Metaphysical verse

Higher readings

.

Our race attains by careful steps (we say),

to knowledge of our clay;

the cleft of rock from whence it came, we know

percents of sand and loam,

of precious ores, and what the lime, and what

the iron readings say.

.

But if we care (says she) who mined the cleft,

who loved us first, gave breath,

and turned us on the wheel – we gain that life

from whence he came, who donned

our clay, to face and finish death – these things

the higher readings say.

.

Needy hearts (we say) put too much hope in

fay warnings and unknowns.

The turning wheel makes us true; we trust in

high firings and fine glazes

for strength and length of days – all these are knowns,

in minutes and degrees.

.

I see shards in a vale like dry bones (says she),

with no prophet sighing,

nor showing any sign worth possessing;

What means “whither after?”

to vessels not caring if they be made

for wrath or for blessing.

.

J.F.S. Anngeister, 2011, all rights reserved.

.

Note:  The poem has absorbed so much time in the past 2 weeks that I publish it here hoping to set it in stone, and to move on (I probably can’t).

The rhyme is irregular but functional, I think, and the six-line stanzas 10-6-10-6-10-6 (with rare but warranted exceptions) helped me embrace words which – out of thousands of wonderfully ‘possible’ and very deserving words – seemed to me most ‘fit’ to join my thoughts together in this particular case.

I worry that my meaning has become too terse from the lines being overwrought, and this makes me feel like writing more lines than I did.  However, I decided that any more than four stanzas would run the pottery metaphor into the ground.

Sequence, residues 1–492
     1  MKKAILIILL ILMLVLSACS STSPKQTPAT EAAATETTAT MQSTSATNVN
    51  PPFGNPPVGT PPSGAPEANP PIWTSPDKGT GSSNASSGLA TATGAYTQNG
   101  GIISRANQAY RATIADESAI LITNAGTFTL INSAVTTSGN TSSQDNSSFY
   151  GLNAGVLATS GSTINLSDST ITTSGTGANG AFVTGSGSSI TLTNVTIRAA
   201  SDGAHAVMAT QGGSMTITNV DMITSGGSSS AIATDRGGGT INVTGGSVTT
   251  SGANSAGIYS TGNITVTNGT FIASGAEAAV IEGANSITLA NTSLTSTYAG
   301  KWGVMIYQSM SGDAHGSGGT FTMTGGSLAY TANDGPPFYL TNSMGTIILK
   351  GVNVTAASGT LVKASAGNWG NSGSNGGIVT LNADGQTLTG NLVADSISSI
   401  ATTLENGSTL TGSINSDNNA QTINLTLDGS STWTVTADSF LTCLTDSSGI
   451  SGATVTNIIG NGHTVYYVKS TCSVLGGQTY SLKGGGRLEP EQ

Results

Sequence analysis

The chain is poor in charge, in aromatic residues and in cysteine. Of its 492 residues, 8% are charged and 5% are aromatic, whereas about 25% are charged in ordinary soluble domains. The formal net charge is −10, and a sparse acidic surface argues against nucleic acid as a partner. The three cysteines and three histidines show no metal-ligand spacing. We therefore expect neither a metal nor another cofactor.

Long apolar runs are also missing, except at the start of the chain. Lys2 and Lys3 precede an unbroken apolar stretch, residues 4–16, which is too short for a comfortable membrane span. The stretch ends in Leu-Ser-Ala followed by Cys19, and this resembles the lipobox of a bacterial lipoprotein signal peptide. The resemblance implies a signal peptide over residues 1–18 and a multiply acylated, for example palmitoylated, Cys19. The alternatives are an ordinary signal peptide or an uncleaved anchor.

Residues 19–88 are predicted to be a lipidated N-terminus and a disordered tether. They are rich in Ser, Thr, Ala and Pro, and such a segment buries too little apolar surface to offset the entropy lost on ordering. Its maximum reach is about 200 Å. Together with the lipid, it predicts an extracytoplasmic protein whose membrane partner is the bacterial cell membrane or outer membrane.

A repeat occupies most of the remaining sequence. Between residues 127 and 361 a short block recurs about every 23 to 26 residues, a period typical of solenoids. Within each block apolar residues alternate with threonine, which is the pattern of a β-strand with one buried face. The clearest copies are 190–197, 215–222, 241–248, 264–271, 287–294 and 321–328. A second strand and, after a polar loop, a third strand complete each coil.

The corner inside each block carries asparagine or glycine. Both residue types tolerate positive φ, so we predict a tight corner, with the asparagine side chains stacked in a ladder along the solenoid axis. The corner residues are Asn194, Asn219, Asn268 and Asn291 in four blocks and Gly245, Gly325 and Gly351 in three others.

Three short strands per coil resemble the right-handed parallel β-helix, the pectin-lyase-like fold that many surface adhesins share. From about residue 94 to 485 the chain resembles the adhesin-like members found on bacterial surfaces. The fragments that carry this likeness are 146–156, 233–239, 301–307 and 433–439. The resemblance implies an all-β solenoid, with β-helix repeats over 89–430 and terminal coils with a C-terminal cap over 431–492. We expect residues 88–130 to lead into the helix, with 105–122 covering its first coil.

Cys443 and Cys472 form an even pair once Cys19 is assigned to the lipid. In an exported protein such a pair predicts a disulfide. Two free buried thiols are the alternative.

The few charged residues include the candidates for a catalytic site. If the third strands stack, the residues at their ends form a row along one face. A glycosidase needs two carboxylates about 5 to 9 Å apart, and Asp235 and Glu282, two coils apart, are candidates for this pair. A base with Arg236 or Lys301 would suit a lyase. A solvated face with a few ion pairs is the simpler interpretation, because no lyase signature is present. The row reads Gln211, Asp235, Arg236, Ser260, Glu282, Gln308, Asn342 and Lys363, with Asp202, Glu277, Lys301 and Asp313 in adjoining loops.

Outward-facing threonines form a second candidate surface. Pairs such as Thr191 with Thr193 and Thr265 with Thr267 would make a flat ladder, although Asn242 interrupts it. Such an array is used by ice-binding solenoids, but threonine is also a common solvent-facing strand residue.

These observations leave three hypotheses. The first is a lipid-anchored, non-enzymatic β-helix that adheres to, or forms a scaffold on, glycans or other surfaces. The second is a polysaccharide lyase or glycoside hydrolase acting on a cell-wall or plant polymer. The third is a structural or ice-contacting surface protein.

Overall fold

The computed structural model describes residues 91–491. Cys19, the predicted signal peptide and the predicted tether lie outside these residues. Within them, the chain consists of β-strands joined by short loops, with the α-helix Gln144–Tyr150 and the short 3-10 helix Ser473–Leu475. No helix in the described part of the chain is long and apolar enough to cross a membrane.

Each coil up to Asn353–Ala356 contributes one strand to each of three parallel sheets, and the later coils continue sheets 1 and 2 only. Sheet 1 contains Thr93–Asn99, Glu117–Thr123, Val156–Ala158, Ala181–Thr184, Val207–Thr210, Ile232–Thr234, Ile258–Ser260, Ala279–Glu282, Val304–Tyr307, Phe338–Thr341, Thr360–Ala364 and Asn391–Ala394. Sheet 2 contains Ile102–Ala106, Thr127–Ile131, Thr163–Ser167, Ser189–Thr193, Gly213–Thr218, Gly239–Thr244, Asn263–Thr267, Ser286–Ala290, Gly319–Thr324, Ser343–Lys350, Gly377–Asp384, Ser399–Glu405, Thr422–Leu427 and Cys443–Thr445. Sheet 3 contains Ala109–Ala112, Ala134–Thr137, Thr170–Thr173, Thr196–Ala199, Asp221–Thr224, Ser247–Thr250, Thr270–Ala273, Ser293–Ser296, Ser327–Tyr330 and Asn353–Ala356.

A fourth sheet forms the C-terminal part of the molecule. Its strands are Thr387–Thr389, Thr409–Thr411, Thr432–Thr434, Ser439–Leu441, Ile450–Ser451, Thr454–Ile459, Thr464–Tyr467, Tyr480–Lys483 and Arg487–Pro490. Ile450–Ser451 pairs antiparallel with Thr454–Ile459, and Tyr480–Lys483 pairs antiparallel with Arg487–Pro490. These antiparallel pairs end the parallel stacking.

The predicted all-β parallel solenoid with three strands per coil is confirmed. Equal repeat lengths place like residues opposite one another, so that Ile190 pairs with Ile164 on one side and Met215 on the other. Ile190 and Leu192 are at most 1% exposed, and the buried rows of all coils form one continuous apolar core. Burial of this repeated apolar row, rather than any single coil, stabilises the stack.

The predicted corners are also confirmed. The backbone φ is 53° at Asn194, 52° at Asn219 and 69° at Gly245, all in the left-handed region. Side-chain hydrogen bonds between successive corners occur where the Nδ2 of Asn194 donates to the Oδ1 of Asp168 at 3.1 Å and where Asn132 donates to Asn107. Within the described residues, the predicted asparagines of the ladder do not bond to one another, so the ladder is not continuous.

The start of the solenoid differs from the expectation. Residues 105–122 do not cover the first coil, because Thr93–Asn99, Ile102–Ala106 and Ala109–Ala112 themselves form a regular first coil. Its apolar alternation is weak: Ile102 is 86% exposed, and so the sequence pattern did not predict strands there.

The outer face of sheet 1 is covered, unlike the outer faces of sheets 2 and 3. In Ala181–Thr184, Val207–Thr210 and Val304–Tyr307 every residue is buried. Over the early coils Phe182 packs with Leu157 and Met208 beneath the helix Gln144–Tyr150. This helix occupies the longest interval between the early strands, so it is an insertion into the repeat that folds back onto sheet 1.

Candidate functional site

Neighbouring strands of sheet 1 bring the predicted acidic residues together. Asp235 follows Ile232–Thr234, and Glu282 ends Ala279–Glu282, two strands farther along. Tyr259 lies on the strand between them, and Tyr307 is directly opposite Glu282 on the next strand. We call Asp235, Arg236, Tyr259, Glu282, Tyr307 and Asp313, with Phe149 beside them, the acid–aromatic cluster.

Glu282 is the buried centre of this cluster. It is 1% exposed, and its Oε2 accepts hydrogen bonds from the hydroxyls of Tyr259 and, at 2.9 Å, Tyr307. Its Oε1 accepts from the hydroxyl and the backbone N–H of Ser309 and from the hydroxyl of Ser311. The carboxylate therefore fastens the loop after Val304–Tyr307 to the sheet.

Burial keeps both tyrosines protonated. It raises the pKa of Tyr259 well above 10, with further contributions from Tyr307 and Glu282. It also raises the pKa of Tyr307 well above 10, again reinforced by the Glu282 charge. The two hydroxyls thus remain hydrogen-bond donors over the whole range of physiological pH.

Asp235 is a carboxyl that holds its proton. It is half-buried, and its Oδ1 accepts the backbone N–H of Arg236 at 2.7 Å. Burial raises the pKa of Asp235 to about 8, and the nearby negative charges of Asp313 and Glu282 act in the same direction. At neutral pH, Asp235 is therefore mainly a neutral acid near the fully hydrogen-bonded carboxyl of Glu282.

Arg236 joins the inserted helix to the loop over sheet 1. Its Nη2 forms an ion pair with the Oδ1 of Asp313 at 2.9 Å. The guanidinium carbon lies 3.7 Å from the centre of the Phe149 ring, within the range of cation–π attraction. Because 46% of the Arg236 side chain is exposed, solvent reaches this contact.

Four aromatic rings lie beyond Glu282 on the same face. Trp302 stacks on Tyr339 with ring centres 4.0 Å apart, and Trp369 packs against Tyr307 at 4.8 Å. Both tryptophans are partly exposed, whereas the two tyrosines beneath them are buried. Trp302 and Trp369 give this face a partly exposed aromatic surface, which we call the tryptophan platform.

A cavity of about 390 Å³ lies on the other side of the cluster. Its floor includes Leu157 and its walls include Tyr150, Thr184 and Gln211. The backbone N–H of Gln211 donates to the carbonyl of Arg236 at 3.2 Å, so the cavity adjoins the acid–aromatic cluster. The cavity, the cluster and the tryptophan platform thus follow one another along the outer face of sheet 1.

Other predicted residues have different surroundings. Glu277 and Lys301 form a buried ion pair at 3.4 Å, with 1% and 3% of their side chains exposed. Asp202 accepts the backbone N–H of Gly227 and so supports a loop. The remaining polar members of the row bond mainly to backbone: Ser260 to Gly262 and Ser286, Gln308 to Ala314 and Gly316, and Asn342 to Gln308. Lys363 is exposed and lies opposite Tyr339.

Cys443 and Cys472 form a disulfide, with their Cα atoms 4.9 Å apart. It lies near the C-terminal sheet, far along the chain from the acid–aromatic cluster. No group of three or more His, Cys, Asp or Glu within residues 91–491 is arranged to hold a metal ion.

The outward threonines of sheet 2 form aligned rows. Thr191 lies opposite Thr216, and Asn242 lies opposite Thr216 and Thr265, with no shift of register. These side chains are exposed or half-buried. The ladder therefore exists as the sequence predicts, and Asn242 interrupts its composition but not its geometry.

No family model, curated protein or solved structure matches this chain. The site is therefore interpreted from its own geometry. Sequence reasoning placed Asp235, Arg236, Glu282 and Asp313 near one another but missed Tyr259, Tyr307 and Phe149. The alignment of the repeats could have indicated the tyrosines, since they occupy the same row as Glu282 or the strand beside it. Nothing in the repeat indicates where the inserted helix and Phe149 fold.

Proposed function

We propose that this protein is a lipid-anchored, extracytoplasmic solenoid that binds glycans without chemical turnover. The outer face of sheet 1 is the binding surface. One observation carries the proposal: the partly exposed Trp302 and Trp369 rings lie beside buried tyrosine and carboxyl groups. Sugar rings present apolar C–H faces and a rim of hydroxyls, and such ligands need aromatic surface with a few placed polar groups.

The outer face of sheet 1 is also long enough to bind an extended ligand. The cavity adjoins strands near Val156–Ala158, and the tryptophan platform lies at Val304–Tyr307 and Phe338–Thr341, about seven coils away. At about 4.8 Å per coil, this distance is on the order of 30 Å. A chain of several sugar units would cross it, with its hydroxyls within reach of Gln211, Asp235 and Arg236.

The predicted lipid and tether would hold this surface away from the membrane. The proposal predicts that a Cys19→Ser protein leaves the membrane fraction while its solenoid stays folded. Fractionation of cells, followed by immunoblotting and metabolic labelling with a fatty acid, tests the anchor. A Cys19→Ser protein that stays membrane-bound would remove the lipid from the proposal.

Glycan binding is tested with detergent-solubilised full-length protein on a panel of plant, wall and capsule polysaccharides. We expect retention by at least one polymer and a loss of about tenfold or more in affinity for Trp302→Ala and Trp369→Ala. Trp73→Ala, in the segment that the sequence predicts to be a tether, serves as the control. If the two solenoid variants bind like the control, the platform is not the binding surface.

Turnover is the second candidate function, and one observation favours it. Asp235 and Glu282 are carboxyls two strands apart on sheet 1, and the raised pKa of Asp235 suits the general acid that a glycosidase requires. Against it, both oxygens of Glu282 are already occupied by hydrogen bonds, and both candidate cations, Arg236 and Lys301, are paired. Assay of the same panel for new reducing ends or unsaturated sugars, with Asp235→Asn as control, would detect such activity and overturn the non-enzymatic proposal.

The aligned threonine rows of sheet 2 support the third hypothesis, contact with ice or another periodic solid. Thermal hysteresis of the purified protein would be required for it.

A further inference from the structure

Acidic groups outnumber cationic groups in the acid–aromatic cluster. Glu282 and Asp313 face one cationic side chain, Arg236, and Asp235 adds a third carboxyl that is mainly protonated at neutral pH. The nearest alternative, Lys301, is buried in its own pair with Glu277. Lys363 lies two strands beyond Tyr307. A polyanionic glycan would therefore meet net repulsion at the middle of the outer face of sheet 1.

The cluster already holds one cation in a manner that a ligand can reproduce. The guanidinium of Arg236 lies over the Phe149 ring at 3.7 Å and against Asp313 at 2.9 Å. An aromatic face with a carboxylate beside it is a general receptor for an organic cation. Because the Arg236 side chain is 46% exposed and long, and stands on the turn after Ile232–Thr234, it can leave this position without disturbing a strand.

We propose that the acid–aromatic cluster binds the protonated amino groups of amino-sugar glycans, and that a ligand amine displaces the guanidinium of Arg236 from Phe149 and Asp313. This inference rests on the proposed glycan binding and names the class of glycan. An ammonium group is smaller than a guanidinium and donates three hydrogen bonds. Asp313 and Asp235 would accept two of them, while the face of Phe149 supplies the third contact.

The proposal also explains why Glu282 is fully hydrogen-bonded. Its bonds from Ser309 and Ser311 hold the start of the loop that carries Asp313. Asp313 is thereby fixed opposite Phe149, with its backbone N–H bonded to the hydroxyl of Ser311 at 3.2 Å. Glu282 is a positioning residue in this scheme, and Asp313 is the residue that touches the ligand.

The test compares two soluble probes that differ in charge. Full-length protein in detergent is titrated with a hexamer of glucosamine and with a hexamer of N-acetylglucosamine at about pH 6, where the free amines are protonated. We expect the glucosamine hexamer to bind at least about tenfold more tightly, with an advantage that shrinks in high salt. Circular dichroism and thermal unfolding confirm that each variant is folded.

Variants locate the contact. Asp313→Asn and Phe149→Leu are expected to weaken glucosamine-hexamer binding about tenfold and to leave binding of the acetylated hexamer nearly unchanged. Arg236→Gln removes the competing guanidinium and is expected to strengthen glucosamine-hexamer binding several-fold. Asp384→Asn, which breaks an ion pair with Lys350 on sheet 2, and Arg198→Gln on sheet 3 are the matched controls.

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4 thoughts on “Metaphysical verse

    • Thanks, skholiast.

      I usually go to structure because otherwise I end up with nothing more than prose journaling divided into short lines (which was all that bad poetry was in my youth and still is).

      However, I sometimes begin by dividing interesting pieces of my own prose into short lines – if they offer unusual approaches to compelling ideas – and work with it until I have poetry.

  1. Well done.

    I like the disciplined adherence to form, and I don’t think it is too terse. I personally prefer poems to be grammatically and syntactically unapologetic (at least as long as they don’t become obscure to the point of absurdity), though rife with thoughtful ideas (which I think you did here.)

    Also, I like the biblical allusions, and I’m wondering if you intended to allude to T.S. Eliot, or if I’m simply looking for him. The images of rock in the first stanza and the lack of rain in the fourth brought to mind the 2nd and 3rd stanzas of “What the Thunder Said” in The Wasteland.

    The references to firings reminded me section IV of Little Gidding: “To be redeemed from fire by fire.”

    Like I said; well done.

    • Annie, thanks for coming by and for the comment and compliment.

      Eliot was a late influence on me, and I studied his poetry with an excellent teacher so yes possibly though not consciously here.

      Interesting that ‘high firings’ is just where I think the poem is most terse – and probably only clear to a potter. I’m trying to get by with an obscure reference to the process in which a pot is baked or ‘fired’ twice (before glazing and again at higher temp after).

      The third stanza pressured me because I needed to get past the response to ‘she’ of the second stanza and still throw together in short compass the pots’ proud little ‘exact objective history’ in wheel, oven, and glazing.

      I hope I can leave it be – but check back in a month to see if the third stanza has morphed 🙂

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